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One Park Street
Park Street Church also offers small groups through its Café ministry, for those in their 20s & 30s. Check out www.parkstreet.org/cafe or the small group locator. Park Street Church also offers groups and activities through FOCUS, a ministry to international s... more.
Leaders & Staff - New Life in Christ Church
Park Street Church and its pastor Harold John Ockenga provided significant leadership in spreading the historic Christian faith.
Fundamentalism | LLOYD STREETER
Your Second Gentleman, Dr. Harold Ockenga, pastor of Park Street Church of Boston, wrote the platform on which you stand.
He says that the "new evangelicalism differs from fundamentalism in its willingness to handle the social problems which the fundamentalists evaded. He says that the "new evangelical believes that Christianity is intellectually defensible, but the Christian cannot be obscurantist in scientific questions pertaining to the creation, age of man, the universality of the flood, and other debatable Bible questions. He says that "the new evangelicalism is willing to face the intellectual problems and meet them in the framework of modern learning." Posted inARTICLES, Fundamentalism | Tagged"new evangelicalism", "new fundamentalism", Dr. Harold Ockenga, Dr. Harry E. Fosdick, fundamentalists, Modernism, Mr. Graham, Mr. Noel Houston, Rev. Noel Smith | Leave a reply
Other real-life people mentioned in the book include Dr. Harold Ockenga of Park Street Church, Capt. Herbert Underwood of the Naval Reserve Midshipmen's School at Smith College, Rear Adm.
Through Waters Deep - Tour of Boston, Part 2
From 1936-1969, Dr. Harold J. Ockenga served as pastor of Park Street.
In the first part of the twentieth century, the rise of secularism in mainline churches led to the rise of fundamentalism, with its call to separate from the culture. In response, Ockenga and others gave rise to the modern evangelical movement, which kept fundamentalism's stand for theological truth, while rejecting its trend toward isolation from culture. In 1942, the National Association of Evangelicals was formed, with Ockenga as president. Sanctuary of Park Street Church, Boston (Photo: Sarah Sundin, July 2014) On May 30, 1943, Dr. Ockenga began an outdoor evangelical ministry on Boston Common. At the first service, 3500 servicemen and civilians enjoyed music and teaching, and many came to Christ. The services continued through that summer and the next, until opponents caused the city to cancel the permit. Not to be silenced, Ockenga continued conducting the services from the church steps, and later from the "Mayflower Pulpit" on the side of the church-across the street from Boston Common.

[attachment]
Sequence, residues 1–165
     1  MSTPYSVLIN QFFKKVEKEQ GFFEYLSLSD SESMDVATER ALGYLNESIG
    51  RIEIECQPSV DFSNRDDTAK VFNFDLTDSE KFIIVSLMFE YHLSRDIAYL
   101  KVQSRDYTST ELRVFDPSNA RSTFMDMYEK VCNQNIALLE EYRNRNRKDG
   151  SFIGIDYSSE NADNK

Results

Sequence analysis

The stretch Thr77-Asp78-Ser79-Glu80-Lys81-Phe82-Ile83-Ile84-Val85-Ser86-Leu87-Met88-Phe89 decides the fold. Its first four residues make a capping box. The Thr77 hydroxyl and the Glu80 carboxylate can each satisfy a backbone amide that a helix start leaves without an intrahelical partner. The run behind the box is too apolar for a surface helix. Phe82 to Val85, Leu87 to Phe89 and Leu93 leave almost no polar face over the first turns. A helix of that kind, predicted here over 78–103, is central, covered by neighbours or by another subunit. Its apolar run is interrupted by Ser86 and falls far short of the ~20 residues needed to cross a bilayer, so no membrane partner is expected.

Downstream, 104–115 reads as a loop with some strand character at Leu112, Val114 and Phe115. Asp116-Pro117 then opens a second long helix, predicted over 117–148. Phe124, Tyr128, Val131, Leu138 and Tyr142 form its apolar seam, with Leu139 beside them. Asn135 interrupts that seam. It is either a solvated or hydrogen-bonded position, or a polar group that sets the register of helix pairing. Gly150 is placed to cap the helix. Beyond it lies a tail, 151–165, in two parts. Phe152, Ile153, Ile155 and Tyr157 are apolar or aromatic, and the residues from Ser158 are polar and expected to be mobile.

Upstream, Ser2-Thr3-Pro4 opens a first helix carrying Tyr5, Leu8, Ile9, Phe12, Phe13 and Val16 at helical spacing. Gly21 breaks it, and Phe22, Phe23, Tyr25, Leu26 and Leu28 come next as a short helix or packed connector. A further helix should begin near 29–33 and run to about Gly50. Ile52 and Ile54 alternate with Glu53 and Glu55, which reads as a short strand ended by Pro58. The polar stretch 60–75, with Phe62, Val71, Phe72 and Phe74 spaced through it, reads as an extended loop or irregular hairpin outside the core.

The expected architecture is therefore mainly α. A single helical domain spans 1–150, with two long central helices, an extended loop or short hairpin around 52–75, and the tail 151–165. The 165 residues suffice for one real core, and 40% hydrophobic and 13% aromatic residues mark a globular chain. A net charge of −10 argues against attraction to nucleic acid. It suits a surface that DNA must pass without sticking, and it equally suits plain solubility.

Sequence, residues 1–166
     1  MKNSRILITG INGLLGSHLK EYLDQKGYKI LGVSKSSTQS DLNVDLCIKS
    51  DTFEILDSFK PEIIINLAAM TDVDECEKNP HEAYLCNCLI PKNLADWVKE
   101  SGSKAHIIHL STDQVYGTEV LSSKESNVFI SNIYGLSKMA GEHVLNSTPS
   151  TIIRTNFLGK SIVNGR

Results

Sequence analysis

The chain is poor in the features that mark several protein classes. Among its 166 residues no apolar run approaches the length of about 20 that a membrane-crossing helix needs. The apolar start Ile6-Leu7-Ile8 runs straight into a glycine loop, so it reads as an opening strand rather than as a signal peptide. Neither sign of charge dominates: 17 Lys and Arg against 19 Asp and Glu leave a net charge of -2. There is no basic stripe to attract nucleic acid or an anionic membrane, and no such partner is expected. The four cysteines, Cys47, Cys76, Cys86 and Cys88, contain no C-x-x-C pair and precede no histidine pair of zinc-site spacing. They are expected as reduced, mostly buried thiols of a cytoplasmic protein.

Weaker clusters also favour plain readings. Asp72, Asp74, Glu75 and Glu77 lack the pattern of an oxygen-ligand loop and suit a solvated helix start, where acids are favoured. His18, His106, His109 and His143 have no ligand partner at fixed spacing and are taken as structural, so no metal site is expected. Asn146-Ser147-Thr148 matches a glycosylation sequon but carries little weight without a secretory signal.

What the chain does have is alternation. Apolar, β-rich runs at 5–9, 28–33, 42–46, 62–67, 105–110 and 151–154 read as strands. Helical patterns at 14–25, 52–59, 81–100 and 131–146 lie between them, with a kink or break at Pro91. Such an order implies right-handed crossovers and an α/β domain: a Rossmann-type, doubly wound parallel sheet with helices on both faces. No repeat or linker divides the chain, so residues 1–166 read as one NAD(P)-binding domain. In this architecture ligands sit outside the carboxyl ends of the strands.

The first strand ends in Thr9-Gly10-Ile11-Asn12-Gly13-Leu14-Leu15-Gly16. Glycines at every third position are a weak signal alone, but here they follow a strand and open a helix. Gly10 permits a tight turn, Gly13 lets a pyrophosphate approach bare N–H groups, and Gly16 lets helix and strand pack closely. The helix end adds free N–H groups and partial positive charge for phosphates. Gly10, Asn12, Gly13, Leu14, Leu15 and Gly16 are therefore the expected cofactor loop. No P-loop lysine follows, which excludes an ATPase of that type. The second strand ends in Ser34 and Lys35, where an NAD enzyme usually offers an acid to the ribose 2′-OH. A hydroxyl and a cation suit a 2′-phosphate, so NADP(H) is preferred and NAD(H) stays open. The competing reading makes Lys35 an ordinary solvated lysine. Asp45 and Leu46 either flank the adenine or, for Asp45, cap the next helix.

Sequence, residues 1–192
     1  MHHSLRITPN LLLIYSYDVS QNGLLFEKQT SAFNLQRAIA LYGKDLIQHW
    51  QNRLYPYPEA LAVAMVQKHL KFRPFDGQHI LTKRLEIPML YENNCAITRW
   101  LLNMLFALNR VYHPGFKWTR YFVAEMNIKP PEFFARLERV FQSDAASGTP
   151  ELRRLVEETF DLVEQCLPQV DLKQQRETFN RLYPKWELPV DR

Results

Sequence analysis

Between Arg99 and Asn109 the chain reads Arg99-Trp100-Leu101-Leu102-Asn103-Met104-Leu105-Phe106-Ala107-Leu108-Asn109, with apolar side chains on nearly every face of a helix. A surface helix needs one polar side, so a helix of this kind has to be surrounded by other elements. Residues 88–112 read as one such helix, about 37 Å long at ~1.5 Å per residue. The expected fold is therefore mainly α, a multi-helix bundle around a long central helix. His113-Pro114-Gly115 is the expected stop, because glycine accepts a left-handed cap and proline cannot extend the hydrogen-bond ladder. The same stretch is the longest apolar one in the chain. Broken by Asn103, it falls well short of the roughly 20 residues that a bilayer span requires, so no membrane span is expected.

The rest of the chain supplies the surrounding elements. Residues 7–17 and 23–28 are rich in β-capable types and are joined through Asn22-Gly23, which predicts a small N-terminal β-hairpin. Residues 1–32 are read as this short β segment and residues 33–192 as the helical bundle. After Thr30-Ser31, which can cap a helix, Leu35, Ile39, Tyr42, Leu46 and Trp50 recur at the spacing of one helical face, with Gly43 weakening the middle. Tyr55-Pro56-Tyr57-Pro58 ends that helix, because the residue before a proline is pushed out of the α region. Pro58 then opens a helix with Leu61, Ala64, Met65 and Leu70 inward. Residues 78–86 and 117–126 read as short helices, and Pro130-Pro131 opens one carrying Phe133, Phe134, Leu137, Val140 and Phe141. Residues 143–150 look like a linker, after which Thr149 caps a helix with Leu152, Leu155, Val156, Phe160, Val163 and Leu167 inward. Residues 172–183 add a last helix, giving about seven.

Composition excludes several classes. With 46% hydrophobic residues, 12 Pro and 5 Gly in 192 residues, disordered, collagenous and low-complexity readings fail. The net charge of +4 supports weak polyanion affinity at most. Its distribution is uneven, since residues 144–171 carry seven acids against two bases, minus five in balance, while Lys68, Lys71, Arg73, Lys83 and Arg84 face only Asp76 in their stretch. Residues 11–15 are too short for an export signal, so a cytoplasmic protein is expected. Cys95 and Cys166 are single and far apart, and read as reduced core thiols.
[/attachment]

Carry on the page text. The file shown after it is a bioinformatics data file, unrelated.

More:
Chronology of Major Movements - Introduction
J. Edwin Orr and Harold Ockenga, associates of Henrietta Mears who was the principle organizer of the World Christian Movement, also wrested the Scriptures to accommodate a Latter Rain revival at the close of the Church age.
"Now, more than ever, [Harold] Ockenga pleaded America needed revival showers of blessing. Prophecies in the books of Hosea 6, Joel 2, and Peter's sermon on the day of Pentecost in Acts 3 [sic], pointed to one last revival before 'the great holocaust of judgment falls upon the earth.' The revival now breaking, Ockenga speculated, 'may be the revival of the last time. It may be that God is now taking out his elect...before the awful wrath of God will be loosed in the atomic warfare of this day.' This was the kind of Biblical interpretation that would make most of the scholars at Fuller Seminary cringe in embarrassment for their president, yet it spoke to a pervasive feeling rippling through the evangelical network nationwide that these were extraordinary times. [ Carpenter 229-30 ] "...Harold Ockenga, President of Gordon College and pastor of Park Street Church in Boston...was instrumental in forming the National Association of Evangelicals (N.A.E.). As a very close friend of Charles Fuller, he met with Fuller in Chicago to assist him in developing the plan for Fuller Evangelical Seminary. As a result, Ockenga became the first President of Fuller Evangelical Seminary. Both taught the young people at Mears's Forest Home Christian Conference Center. [ Dager: WCM ] Orr and Ockenga had forgotten the warning of Hebrews 6:4-6 which states there is no revival for those who fall away: